New Zealand emission factors are based on gross calorific value. Energy activity data and emission factors in New Zealand are conventionally reported in gross terms, with some minor exceptions. The convention adopted by New Zealand to convert gross calorific value to net calorific value follows the Organisation for Economic Co-operation and Development and International Energy Agency assumptions:
- net calorific value = 0.95 × gross calorific value for coal and liquid fuels
- net calorific value = 0.90 × gross calorific value for gas.
Emission factors for gas, coal, biomass and liquid fuels used by New Zealand are shown in Tables A2.1–A2.3.
|Emission factor |
|Emission factor |
|Kapuni low temperature separator||84.10||22.94||1|
|Weighted average for distributed gas||53.59||14.61|
|Methanol – mixed feed (1990–1994)||62.44||17.00||3|
|Methanol – low temperature separator (1990–1994)||83.97||22.94||3|
|Waihapa/Ngaere + Tariki/Ahuroa||54.85||14.96||3|
|Petrol – premium||66.91||18.25||4|
|Diesel (50 ppm)||69.53||18.96||4|
|Fugitive – flared||65.10||17.75||4|
|Liquefied petroleum gas||60.43||16.48||2|
|Heavy fuel oil||73.90||20.16||4|
|Light fuel oil||72.86||19.87||4|
|All sectors (sub-bituminous)||91.20||24.87||2|
|All sectors (bituminous)||88.80||24.22||2|
|All sectors (lignite)||95.20||25.96||2|
1. Derived by the transmission operator (Vector Ltd) through averaging daily gas composition data
2. New Zealand Energy Information Handbook (Eng et al, 2008)
3. Specific gas field operator
4. New Zealand Refinery Company
5. IPCC guidelines (1996)
|Emission factor |
|Electricity – boilers||0.09||IPCC Tier 2 (Table 1–15) natural gas boilers|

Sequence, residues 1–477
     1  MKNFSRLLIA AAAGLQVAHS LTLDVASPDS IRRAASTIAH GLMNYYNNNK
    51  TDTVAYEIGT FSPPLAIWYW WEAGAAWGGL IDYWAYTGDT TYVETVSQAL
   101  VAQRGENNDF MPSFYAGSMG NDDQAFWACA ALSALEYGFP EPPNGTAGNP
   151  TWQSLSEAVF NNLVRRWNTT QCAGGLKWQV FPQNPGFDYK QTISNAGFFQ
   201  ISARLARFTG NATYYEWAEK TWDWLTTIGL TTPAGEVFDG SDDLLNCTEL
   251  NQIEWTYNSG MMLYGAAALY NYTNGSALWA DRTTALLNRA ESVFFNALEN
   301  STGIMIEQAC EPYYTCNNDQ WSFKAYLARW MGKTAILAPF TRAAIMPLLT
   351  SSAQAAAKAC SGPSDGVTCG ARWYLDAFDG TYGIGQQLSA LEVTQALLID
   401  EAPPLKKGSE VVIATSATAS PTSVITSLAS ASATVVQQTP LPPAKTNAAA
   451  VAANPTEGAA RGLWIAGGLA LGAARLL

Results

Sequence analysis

|Electricity – large turbines||5.40||IPCC Tier 2 (Table 1–15) large gas-fired turbines >3MW|
|Commercial||1.08||IPCC Tier 2 (Table 1–19) natural gas boilers|
|Residential||0.90||IPCC Tier 2 (Table 1–18) gas heaters|
|Domestic transport (compressed natural gas)||567.00||IPCC Tier 2 (Table 1–43) passenger cars (uncontrolled)|
|Other stationary (mainly industrial)||1.26||IPCC Tier 2 (Table 1–16) small natural gas boilers|
|Electricity – residual oil||0.86||IPCC Tier 2 (Table 1–15) residual oil boilers – normal firing|
|Electricity – distillate oil||0.86||IPCC Tier 2 (Table 1–15) distillate oil boilers – normal firing|
|Industrial (including refining) – residual oil||2.85||IPCC Tier 2 (Table 1–16) residual oil boilers|
|Industrial – distillate oil||0.19||IPCC Tier 2 (Table 1–16) distillate oil boilers|
|Industrial – liquid petroleum gas||1.05||IPCC Tier 2 (Table 1–18) propane/butane furnaces|
|Commercial – residual oil||1.33||IPCC Tier 2 (Table 1–19) residual oil boilers|
|Commercial – distillate oil||0.67||IPCC Tier 2 (Table 1–19) distillate oil boilers|
|Commercial – liquid petroleum gas||1.05||IPCC Tier 2 (Table 1–18) propane/butane furnaces|
|Residential – distillate oil||0.67||IPCC Tier 2 (Table 1–18) distillate oil furnaces|
|Residential – liquid petroleum gas||1.05||IPCC Tier 2 (Table 1–18) propane/butane furnaces|
|Agriculture – stationary||0.19||IPCC Tier 2 (Table 1–49) diesel engines (agriculture)|
|Liquid petroleum gas||28.50||IPCC Tier 2 (Table 1–44) passenger cars (uncontrolled)|
|Petrol||18.53||IPCC Tier 2 (Table 1–27) passenger cars (uncontrolled – mid-point of average g/MJ)|
|Diesel||3.8||IPCC Tier 2 (Table 1–32) passenger cars (uncontrolled – g/MJ)|
|Navigation (fuel oil and diesel)||6.65||IPCC Tier 2 (Table 1–48) ocean-going ships|
|Aviation fuel/kerosene||1.90||IPCC Tier 2 (Table 1–48) jet and turboprop aircraft|
|Electricity generation||0.67||IPCC Tier 2 (Table 1–15) pulverised bituminous combustion – dry bottom, wall fired|